peter curtis music

Never Too Late

At 91 and a nightclub crooner for nearly 20 years in the desert, Palm Springs resident Ken Steele has released a CD with Riverside jazz guitarist Peter Curtis.

JIM POWERS Arts & Entertainment, Current Digital

peter curtis music
Palm Springs resident Ken Steele, who turned 91 in July, recorded an album with Riverside jazz guitarist Peter Curtis.

For two decades, Ken Steele kept his singing voice to himself. But when he moved to Palm Springs in 2002, he stepped in front of the microphone again with his soft bass voice and began performing at live music venues like Vicky’s of Santa Fe and Woody’s Palm House.

“It took me a while when I got to Palm Springs to be able to get my voice in shape doing exercises, and scales and things,” Steele says. “But once I did, then I started working regularly, and it's just sort of carried on. My voice is as good as it ever was, probably. I don't know why, because not many people can say that.”

Right up until the coronavirus pandemic shutdown in March, Steele was logging 3-4 gigs a week — a number quickly put into perspective considering he turned 91 in July. While the pandemic has put a stop to live performances, Steele has been able to remain connected to audiences with the recent release of a CD he collaborated on with Riverside jazz guitarist Peter Curtis. Aptly titled Steele in Love, the collection of 13 songs is available on Amazon, iTunes, and CD Baby.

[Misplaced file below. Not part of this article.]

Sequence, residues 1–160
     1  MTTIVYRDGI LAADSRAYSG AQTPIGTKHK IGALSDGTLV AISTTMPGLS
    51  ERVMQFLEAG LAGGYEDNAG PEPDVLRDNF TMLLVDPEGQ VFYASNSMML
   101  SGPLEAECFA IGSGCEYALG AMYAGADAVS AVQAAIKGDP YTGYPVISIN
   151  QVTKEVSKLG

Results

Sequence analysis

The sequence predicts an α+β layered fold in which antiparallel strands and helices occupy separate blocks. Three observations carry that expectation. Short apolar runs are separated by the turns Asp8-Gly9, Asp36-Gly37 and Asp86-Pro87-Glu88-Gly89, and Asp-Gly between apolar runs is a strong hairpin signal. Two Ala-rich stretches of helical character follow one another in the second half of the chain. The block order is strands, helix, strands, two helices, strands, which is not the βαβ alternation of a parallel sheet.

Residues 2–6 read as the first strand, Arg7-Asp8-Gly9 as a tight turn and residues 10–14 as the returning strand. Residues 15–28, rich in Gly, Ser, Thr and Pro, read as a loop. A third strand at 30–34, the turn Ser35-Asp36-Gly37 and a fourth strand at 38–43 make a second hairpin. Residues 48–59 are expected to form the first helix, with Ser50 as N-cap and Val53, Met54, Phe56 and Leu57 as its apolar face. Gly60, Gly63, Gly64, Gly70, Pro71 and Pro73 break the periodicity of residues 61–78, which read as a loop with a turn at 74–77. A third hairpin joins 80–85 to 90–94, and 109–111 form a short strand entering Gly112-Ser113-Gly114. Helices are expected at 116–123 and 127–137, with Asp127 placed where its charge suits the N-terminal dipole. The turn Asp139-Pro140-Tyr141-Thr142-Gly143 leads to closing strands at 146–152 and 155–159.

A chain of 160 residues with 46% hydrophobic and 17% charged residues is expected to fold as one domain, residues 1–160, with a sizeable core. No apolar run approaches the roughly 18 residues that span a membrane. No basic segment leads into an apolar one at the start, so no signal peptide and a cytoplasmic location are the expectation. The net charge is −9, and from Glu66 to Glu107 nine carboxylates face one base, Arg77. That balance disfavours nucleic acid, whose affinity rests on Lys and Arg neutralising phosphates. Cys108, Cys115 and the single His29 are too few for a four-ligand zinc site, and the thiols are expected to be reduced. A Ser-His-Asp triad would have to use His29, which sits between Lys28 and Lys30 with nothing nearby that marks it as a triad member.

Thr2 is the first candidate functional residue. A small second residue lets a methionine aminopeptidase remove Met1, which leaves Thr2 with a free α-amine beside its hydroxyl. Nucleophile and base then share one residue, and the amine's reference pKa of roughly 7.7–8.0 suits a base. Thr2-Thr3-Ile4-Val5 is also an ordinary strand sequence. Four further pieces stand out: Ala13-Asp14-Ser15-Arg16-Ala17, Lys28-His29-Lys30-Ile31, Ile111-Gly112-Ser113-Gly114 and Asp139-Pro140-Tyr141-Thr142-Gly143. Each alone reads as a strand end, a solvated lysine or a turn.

The duo had collaborated before at Palm Springs nightclubs, but it was Curtis who approached Steele about recording a CD after his significant other Sophie suggested the idea when she heard them perform together. “I was immediately enamored with Ken’s beautiful singing the first time I sat in on a gig with him in Palm Springs,” says Curtis, who has recorded a pair of his own CDs, Christmas With Your Jewish Boyfriend and Swing State.

“It sounded to me like Ken’s voice was coming from another era,’ Curtis continues. “He doesn't sound like a singer of today to me. It's not like an elderly person with physical limitations from that era. He sounds like a singer from that era in his prime, or close to his prime, and that, I think, was a huge part of what attracted me to Ken's singing.”


Steele spent the first part of his life using his voice to make a living in his native Canada. The only other time he recalls his voice landed on a CD was from a collection of air checks from radio and TV shows while working for the Canadian Broadcasting Corp.(CBC) in Toronto. He appeared on Canadian TV one summer as a summer replacement for Robert Goulet in the 1950s, sang on the side with his own band, and eventually took a position within the CBC as a music copyist. Steele says he was responsible for writing the individual parts of a musical score given to him by an arranger.